Speaking solely from a west coast perspective, and I think this holds for the east coast as well, I think the whole concept of Random Hour has taken a turn toward skeds only.
      I know there have been notes written about calling CQ and using the UP / Down method but those seem to have fallen on deaf ears. Virtually no one calls CQ anymore. Why bother when it is so much easier to just get on PJ and set up a sked.
       
      I only have 6 meters and can sit on 260 during RH and hear no one. Jim W6OUU and Jim KS7S both have 2 meters as well and they both tell me they don't see anyone on there either for the most part. BUT all of us can see stations on various frequencies after we look at PJ.
       
      I see folks posting things like "CQ 257 1st or CQ 265". If this is supposed to be Random Hour why not post "CQ 260 down 5" or just plain "CQ 260". If I'm not watching PJ then how am I going to know someone is calling CQ 2 or 3 kHz away from the calling frequency?
       
      Lets just change the name to Weekend Activity Period and quit fooling around with Random Hour. Those days, like AM, are nothing but memories no
       
      Regards,
       
      Barry KS7DX
       
       

    • Chet S
      All, Is WSJT cool? Yes. Is MS and RH fun? Yes. Are the ping jockey earwiggers cheerful, helpful and courteous? Yes So then what is it causing some decline in
      Message 2 of 6 , Jan 3, 2010
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        All,

        Is WSJT cool? Yes.
        Is MS and RH fun? Yes.
        Are the ping jockey earwiggers cheerful, helpful and courteous? Yes
        So then what is it causing some decline in activity?

        I'll postulate from my own situation. It takes a lot of time to sit down
        every Sat and Sun morning for RH.
        Life nowadays is busy. Constantly new things are presented or something
        changes. If a new activity moves in, then something else must go.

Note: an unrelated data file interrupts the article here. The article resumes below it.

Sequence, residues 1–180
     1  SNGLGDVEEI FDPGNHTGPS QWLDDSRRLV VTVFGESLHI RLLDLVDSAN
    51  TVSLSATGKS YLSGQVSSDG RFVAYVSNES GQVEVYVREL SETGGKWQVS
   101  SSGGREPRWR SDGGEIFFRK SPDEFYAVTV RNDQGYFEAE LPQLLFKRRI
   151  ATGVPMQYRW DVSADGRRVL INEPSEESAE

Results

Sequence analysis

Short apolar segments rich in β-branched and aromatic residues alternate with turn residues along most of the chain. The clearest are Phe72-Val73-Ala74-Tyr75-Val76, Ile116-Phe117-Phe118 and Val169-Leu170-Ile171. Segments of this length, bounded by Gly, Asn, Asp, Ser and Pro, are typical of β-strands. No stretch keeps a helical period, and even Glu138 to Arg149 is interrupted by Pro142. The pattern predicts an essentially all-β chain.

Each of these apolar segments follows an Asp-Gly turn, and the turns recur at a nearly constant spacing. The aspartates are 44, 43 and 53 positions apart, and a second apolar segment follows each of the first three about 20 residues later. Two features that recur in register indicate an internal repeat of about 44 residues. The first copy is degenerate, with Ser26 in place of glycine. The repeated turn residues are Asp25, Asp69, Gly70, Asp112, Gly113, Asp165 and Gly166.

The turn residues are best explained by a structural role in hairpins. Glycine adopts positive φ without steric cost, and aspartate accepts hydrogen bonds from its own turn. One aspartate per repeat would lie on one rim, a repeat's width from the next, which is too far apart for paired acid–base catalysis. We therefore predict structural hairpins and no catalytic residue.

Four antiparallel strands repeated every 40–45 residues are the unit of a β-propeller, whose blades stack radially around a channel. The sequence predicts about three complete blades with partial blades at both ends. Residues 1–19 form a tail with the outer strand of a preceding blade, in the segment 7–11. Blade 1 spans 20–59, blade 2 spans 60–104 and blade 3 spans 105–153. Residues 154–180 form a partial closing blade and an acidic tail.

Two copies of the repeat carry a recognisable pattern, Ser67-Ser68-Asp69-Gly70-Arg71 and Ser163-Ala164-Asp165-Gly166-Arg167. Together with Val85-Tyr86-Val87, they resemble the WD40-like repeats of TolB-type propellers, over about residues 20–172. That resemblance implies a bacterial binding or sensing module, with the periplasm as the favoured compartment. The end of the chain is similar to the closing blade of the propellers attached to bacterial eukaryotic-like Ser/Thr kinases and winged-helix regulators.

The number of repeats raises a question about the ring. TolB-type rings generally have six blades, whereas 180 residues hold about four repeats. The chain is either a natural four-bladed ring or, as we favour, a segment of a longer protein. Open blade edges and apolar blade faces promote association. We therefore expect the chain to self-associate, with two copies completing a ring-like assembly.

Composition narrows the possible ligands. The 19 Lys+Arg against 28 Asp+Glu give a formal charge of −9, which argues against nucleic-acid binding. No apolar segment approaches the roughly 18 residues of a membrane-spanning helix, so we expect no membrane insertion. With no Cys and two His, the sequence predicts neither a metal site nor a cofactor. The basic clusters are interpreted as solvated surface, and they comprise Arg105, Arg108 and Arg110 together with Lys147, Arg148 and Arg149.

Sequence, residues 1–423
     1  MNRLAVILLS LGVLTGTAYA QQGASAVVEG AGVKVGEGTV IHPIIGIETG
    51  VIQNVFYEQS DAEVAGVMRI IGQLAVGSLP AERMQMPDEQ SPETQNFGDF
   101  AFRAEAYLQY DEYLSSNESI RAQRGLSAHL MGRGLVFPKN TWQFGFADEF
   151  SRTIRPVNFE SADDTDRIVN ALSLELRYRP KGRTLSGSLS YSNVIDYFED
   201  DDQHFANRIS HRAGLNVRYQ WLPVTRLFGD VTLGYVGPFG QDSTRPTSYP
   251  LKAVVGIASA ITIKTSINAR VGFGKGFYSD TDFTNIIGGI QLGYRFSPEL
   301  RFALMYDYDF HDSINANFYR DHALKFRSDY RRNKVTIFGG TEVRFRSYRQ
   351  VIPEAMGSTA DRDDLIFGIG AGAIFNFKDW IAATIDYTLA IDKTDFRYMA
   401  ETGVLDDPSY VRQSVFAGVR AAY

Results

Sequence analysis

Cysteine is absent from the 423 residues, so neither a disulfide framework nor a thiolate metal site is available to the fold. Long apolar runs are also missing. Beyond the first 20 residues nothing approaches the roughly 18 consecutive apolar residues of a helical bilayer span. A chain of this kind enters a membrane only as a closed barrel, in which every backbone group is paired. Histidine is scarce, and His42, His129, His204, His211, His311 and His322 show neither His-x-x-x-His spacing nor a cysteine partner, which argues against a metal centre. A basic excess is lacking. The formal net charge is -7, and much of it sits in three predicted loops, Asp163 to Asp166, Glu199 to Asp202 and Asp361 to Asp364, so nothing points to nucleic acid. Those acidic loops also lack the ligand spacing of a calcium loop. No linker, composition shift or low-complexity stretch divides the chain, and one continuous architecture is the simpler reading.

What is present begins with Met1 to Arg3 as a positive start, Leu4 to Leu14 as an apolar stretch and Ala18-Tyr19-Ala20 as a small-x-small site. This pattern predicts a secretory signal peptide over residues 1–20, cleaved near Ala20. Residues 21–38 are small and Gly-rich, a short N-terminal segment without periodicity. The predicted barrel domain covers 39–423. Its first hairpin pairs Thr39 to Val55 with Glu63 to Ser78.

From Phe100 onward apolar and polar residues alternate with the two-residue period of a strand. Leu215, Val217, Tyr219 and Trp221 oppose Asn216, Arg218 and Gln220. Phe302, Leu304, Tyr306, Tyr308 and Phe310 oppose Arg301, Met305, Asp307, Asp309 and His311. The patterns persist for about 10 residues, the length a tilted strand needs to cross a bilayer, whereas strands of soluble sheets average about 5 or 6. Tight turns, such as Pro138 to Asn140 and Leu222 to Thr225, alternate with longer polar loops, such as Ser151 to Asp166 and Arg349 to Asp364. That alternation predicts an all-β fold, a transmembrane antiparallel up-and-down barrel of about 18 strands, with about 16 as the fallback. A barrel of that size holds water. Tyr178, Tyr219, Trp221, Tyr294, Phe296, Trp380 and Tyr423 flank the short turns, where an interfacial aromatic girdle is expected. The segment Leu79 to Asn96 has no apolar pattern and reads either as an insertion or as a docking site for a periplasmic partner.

In my own situation, early last year we were caring for an aged and ailing
        parent. That meant we stayed at home a lot, and therefore there was more
        time for at-home things, especially things that could start and stop easily.
        When that parent passed away, then life changed again. Now trips could again
        be taken. A good old sailboat was acquired that needed some TLC and a lot of
        learning on our part. So this summer, at-home things like tower projects,
        gardens, and (sorry) RH's moved off of the discretionary to-do list. Now it
        is winter, the boat is on land, and garden and tower projects are not
        do-able. So RH's are again possible. Every week though? Dunno, life is not
        the same way it was..

        Another possibility is the journey can grab hold stronger than the
        destination. Consider just the time available for ham radio. Learning and
        getting WSJT going was fascinating, rewarding, and every contact made via MS
        is exciting. Still is. But now that it is in the toolkit, other areas are
        waving their hands for attention. Should some time be put into learning the
        JT modes? Or maybe work on that 70 cm remote preamp assembly. Need to
        analyze some antenna changes to prepare for warm weather tower work. Is now
        the time to switch the shack computers over to Windows 7? The radio project
        list here is never empty. The time and money budgets are never full enough.

        Perhaps others lives have settled out to be more constant, but that is not
        the case here; continuous rebalancing of life's demands and pleasures is
        ongoing.

        73, and hope to see you on the rocks,
        (It is OK to say that to MS'ers, but not to sailors-hi)

        Chet, N8RA

        ________________________________

        From: wsjtgroup@yahoogroups.com [mailto:wsjtgroup@yahoogroups.com] On Behalf
        Of Bill W5WVO
        Sent: Saturday, January 02, 2010 4:39 PM
        To: 'WSJT'; Barry Garratt; Randy Tipton
        Subject: Re: [wsjtgroup] Random Hour or lack thereof




        Tip, Barry, et al.,

        Before I am forced to stop procrastinating and get into the computer
        change-over task I have before me (new computer to replace my aging homebrew
        dual-Athlon dinosaur), I want to comment on this thread as well.

        First, I have to concur with Tip's observation about east coast WSJT/MS HSMS
        activity being nearly non-existent. I don't know why it happened -- there
        were more east coasters on PJ even just two years ago when I first started
        WSJT than there are now. Of course, I can't work them anyway due to
        distance, but it is strange that there is such a dearth of activity there